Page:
"Forensic authorship analysis has also been used in cases involving disputed confession, the sending of abusive or threatening emails or letters and in cases of copyright infringement."
The researchers are looking to recruit at least 100 volunteers who will each be asked to contribute 10 text messages. Participants will visit the following website: http://www.
If you are interested in participating either visit the website directly or if you have any further queries please contact either:
Dr. Tim Grant EMAIL: TG21@le.ac.uk
Kim Drake EMAIL: Ked6@le.ac.uk
Note to news desk
For more information, please call Dr. Tim Grant on 0116 252 3658 or Kim Drake on 0116 229 7154.
You must cite University of Leicester in any report.
The prior case referred to in the press release related to the investigation of the murder of Danielle Jones. At the 2002 trial of Stuart Campbell, for the murder of his niece Danielle Jones, an alibi was broken based on the evidence that Mr Campbell rather than Danielle had sent crucial messages from her phone. Text analyses revealed that the texts had not been written by Danielle herself, but that they had been faked to deflect suspicion from Mr Campbell as there were a number of differences in the texting styles between Danielle and Mr Campbell.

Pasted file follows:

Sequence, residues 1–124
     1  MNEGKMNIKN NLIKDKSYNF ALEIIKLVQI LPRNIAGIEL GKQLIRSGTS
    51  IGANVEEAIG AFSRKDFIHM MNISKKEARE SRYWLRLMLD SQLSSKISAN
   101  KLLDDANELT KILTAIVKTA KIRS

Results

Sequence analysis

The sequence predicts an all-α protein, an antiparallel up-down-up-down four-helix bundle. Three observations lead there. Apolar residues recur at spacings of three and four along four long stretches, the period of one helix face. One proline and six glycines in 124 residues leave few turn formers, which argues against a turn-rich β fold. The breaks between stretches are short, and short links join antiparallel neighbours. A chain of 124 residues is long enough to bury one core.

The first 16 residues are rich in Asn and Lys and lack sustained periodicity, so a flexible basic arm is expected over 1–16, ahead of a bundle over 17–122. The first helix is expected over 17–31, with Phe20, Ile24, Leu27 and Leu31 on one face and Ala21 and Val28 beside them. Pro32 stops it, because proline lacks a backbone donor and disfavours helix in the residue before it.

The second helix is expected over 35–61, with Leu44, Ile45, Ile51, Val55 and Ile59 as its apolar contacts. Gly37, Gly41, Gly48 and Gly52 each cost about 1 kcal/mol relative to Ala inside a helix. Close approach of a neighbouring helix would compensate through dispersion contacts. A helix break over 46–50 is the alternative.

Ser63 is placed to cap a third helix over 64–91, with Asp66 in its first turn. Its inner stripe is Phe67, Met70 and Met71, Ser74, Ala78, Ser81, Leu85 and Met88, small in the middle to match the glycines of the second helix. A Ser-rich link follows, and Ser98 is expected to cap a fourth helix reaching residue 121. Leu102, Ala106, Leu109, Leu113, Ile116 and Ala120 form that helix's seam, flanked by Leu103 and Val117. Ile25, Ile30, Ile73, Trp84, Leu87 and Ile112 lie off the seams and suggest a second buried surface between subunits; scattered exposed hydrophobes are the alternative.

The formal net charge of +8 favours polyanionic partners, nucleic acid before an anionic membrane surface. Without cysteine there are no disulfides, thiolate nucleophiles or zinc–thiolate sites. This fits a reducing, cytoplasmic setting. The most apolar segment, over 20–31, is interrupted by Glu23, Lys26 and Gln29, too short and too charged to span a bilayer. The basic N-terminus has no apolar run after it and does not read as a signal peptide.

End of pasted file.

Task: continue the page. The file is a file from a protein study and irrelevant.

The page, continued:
Methods to be used.
The sampling strategy for attracting participants is known as snowballing. This is where one individual participates and we ask them to contact their friends about the study, who subsequently contact their friends and so on. This should ensure that we get groups of friends who regularly text one another and thus allows us to compare one group against the other, as well as individuals within each different group. Hypothetically, there should be more similarity in texting language within groups than between two different groups, or a group and an independent individual.
The linguistic analysis will concentrate on individuals' texting strategies and vocabulary, e.g. the examples (1)-(4) below show four different texting styles and vocabulary that may be analysed.
- "Came to see K bumped into B 2."
- "Shall we get last bus to station"
- "Pls cn i meet. Tried fonin 4 u."
- "C U L8R"
Often, individual differences can be seen by just looking at the text, for example, it is likely that the first two texts were created using a predictive texting function. The reason for this supposition is the resultant word deletions (e.g. "Came" rather than "I came" or "get last bus" for "get the last bus") that can be seen in texts 1 and 2. On the other hand, the last two texts use more abbreviated text language with vowel deletions ("Pls"), as well as letter and number homophone substitutions ("C" for "see" and "8" for the middle syllable of "later").